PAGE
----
So, three years ago, my teenaged daughter decided she should carve out her own signature in our yard by starting a pollinator garden. She cleared an area and even planted some flowering shrubs. Then she went off to college and that was the end of that.
She had the best intentions. There has been so much buzz (pun intended) in the last few years about pollinator decline. She wanted to take some action and I am proud of her for that.
Meanwhile, back at the weed patch – I mean “pollinator garden” – it is now on me to shape this project into something. I asked myself, what do I need to do in this garden to support pollinators successfully. After some research, I noted that pollinators are more than just butterflies. Bats, birds, beetles, bees AND butterflies and even the wind can all be utilized by nature to pollinate plants. I can’t provide for ALL those species – that thought is a little overwhelming.
I’ve decided to focus on bees. I’m not sure what I can do in my backyard to have an affect on the varroa mite infestations which spread hive diseases. I did learn that a loss of habitat is a factor in bee decline, along with exposure to pesticides. I don’t use pesticides in my yard, so I’m already a step in the right direction. Now for habitat considerations. Researches are suggesting that homeowners utilize wildflowers in a selection of their lawn, instead of just growing grass.
Bee habitat is my goal. I don’t want to tend hives in my backyard, but I can provide support for solitary bees, which are pollinator bees that are already in my neighborhood. I figure native plants are a good choice. I live in a wooded area, so there are plenty of places for solitary bees to nest. My garden will be about providing food. Bee Balm, sunflowers like Black Eyed Susans, and Cone Flowers are native flowering plants with a nice range of bright native color to attract pollinators like my neighborhood bees. These types of plants will also attract other pollinator species as a bonus. I also need to consider what native plants bloom at different times of the year in order to keep the food supply available for the growing year.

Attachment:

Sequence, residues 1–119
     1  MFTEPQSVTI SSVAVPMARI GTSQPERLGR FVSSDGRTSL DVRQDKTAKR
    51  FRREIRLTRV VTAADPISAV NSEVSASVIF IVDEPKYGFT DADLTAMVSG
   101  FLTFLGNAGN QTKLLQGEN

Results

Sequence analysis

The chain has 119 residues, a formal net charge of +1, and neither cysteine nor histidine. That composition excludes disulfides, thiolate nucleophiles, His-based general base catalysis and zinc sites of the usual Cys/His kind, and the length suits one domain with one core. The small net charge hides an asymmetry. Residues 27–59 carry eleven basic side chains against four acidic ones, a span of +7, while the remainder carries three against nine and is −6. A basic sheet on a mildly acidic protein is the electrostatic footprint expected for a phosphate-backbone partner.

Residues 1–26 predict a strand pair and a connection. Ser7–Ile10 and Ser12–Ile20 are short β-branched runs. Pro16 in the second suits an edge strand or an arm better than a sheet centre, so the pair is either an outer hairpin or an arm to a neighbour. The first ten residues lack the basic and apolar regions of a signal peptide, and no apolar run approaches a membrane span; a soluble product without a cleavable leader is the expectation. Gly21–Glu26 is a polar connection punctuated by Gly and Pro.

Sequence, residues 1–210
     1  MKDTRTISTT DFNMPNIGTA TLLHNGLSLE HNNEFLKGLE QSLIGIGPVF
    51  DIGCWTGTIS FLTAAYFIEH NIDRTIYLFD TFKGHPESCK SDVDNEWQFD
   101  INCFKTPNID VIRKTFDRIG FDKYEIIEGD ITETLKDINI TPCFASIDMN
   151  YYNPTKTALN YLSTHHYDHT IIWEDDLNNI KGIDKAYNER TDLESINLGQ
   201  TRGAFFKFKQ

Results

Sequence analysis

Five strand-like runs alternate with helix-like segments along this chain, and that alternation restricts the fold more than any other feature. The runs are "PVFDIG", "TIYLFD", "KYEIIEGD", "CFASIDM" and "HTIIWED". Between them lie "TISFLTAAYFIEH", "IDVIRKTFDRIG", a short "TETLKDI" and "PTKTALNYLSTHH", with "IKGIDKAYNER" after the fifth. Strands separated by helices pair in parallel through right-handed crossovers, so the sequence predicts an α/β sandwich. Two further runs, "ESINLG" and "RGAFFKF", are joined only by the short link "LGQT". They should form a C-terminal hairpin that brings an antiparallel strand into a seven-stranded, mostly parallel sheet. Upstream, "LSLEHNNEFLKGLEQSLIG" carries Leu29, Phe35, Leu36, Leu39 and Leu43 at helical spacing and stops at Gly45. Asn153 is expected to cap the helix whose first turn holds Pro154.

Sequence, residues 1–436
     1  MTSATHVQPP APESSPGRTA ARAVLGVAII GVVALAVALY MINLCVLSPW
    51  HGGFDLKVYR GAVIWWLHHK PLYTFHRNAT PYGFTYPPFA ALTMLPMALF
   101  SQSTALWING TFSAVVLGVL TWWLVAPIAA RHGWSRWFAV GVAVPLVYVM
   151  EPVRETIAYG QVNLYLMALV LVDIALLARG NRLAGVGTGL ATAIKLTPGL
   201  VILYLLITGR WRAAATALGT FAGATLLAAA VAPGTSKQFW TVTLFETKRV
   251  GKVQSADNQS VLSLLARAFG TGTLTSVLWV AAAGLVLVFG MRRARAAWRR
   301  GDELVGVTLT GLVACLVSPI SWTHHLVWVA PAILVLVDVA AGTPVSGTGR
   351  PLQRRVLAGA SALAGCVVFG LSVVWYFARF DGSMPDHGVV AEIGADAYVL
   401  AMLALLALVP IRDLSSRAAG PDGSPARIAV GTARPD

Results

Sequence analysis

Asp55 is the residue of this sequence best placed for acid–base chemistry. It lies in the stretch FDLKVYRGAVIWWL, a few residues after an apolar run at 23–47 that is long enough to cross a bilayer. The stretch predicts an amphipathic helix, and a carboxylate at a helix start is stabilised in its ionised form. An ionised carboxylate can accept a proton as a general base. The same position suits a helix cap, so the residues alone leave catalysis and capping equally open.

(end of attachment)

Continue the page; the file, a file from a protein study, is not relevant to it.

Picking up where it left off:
The bottom line is that, to be successful, I’ll need to put a lot of planning into a garden to benefit bees. It may take a couple of years to fiddle around with plants and placements. It looks like I’ll need to submit a follow-up or two to report my pollinator garden progress. Meanwhile, check out this really great brochure from the Pollinator Partnership: https://www.fs.fed.us/wildflowers/pollinators/documents/simpletruthbrochure.pdf
Pennsylvania’s Governor ordered those of us in Venango County to stay at home effective at the end of the day March 20th. As a result, all of us at the Venango Conservation District are working from home. The office has been posted as closed and anyone needing to reach us is directed to call the office (814-676-2832) and leave a message or to contact us via email (firstname.lastname@example.org).
WE ARE STILL WORKING FOR NATURAL RESOURCE MANAGEMENT IN VENANGO COUNTY
The success of keeping the wheels of work running for the VCD is the tireless work of Lance Bowes our District Manager. He sees to it that the answering machine messages are directed, that the snail mail is distributed and that staff are accomplishing the work that the VCD does. Lance is coordinating tele-meetings including our regularly scheduled board meetings for April and May.
Staff is now permitted to perform some work in the field beginning May 11th. Staff will be following protocol modeled after the Governor's recommendation for social distancing and virus safety.